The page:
I have had some success with applying this method. For example, in working from home, I found that one of my kids started asking a million questions, like clockwork, when I got on a call for work and got angry when I did not respond. Repeatedly telling her to wait until I was done did not previously work so I tried Option B cooperative problem solving.

For Empathy Step, she told me that she did not like that I ignored her when I was on call and she had important things that she had to say that could not wait. For the Define-Adult-Concerns step, I told her that I had to do my calls for work because I was working from home and that I did not want to ignore her, but that I could not always answer questions immediately. For the Invitation step, I asked her if she could think of any solutions that would help me answer her questions without interrupting phone calls. She said that she could raise her hand like at school. That was actually a great idea and we agreed that she would raise her hand when she had a question when I was on a call and I would answer her question when I could mute the call. Of course, at first, she was raising her hand constantly. But after about a week she only raised her hand when it was important and waited for me to mute. Problem solved.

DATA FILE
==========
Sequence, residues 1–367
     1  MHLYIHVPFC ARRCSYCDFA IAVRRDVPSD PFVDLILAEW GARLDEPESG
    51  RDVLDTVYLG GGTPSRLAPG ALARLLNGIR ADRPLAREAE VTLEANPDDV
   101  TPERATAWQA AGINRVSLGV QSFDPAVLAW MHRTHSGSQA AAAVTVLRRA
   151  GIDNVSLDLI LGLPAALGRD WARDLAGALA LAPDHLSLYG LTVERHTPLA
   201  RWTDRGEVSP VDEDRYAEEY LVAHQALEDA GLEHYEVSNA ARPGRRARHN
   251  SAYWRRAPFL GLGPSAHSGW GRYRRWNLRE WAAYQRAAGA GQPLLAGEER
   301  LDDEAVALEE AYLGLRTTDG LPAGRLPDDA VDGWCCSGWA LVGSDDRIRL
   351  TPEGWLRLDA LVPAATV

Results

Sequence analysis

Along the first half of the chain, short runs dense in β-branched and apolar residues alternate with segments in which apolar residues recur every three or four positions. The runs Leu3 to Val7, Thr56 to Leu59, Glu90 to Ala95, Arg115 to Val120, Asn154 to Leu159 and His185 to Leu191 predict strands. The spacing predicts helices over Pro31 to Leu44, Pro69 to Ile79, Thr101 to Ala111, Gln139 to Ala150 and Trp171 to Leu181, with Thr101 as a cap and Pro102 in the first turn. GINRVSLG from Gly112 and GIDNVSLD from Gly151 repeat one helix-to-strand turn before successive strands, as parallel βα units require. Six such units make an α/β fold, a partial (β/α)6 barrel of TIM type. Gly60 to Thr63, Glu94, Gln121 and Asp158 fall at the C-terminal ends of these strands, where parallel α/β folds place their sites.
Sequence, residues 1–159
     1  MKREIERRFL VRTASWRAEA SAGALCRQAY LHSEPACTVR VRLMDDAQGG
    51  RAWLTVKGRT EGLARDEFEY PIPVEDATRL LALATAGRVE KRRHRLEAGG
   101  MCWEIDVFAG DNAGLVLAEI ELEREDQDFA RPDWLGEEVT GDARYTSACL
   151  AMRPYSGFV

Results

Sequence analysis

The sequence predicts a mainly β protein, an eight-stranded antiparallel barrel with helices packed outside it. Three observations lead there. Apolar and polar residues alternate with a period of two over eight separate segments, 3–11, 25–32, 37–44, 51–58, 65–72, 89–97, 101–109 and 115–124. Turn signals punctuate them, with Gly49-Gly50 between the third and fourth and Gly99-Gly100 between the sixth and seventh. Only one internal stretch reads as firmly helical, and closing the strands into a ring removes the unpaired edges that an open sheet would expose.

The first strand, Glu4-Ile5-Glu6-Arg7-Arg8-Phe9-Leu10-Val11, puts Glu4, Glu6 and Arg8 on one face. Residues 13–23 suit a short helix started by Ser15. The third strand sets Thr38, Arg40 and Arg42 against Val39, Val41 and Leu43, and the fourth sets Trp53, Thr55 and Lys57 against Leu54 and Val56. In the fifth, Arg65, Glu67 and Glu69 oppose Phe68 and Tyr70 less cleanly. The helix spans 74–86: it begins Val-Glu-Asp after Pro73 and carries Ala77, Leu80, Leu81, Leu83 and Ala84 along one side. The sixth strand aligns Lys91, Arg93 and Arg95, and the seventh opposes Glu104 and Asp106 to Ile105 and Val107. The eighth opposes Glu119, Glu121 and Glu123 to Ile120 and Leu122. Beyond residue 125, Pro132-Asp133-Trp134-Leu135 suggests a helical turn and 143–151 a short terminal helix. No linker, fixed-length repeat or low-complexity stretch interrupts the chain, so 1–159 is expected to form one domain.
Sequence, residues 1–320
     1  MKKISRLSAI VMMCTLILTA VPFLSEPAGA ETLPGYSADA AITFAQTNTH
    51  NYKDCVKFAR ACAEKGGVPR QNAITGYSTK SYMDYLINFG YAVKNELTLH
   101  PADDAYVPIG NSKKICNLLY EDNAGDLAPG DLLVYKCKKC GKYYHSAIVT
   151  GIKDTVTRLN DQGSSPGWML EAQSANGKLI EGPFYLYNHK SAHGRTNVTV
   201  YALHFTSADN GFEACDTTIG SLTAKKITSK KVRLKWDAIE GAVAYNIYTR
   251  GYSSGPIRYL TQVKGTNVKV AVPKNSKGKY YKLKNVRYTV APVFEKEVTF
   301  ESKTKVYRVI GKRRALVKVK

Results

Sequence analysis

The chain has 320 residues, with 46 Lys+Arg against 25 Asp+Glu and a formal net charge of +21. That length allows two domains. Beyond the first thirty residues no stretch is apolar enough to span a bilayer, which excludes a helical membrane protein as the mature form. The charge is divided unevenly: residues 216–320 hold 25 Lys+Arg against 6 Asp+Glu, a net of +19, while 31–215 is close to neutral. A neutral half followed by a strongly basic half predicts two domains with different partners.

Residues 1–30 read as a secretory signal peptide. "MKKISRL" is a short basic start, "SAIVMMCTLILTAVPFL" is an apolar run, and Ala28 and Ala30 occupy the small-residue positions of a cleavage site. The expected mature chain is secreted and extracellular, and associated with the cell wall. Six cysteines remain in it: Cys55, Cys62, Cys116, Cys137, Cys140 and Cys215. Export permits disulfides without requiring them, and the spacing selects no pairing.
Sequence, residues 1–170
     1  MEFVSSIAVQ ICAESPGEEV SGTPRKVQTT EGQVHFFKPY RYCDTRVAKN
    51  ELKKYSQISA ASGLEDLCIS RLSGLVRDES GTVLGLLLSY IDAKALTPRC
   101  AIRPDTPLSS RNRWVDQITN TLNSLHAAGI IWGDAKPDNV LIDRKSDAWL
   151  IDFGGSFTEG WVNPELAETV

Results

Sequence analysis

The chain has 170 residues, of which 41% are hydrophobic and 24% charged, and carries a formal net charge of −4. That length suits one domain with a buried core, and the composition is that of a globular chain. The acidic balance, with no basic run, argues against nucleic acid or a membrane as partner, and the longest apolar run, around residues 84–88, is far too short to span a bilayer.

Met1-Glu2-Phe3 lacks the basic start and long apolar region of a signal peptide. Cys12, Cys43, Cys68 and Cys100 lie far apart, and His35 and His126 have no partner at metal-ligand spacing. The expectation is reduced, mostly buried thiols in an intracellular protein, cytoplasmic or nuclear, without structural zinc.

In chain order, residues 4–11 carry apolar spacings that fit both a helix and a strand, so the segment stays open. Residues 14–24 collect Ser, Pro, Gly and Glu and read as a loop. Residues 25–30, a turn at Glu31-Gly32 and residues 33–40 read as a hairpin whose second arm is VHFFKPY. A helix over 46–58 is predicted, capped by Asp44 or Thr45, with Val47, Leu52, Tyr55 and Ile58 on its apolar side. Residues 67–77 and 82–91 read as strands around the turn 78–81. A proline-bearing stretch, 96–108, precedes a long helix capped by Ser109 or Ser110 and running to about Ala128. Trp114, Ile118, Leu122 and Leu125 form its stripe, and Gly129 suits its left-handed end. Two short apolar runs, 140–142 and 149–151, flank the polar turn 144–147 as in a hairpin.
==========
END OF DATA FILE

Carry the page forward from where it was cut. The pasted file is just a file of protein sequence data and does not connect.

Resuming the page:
Beyond solving everyday problems, Raising Human Beings also has powerful observations about the actual value for children of having some incompatibility between their characteristics and the worlds demands. While this incompatibility can set the stage for stressful and outbursts, it can also be what spurs children to grow and to become the person that they are meant to be. If a child does not learn how to constructively address the inevitable instances where they are incompatible with the world around them, the child could fall into the extremes of being either having adopted an identity that is not their own and was thrust upon them (as it the risk with the Tiger Mom or Sports Dad), giving up on finding a meaningful identity and living a life of apathy and inaction, or adopting a negative identity, such as crime or drugs, as “it is sometimes easier to slip into a negative identity than to have none at all.” As Greene notes, there is even some value to children in failure: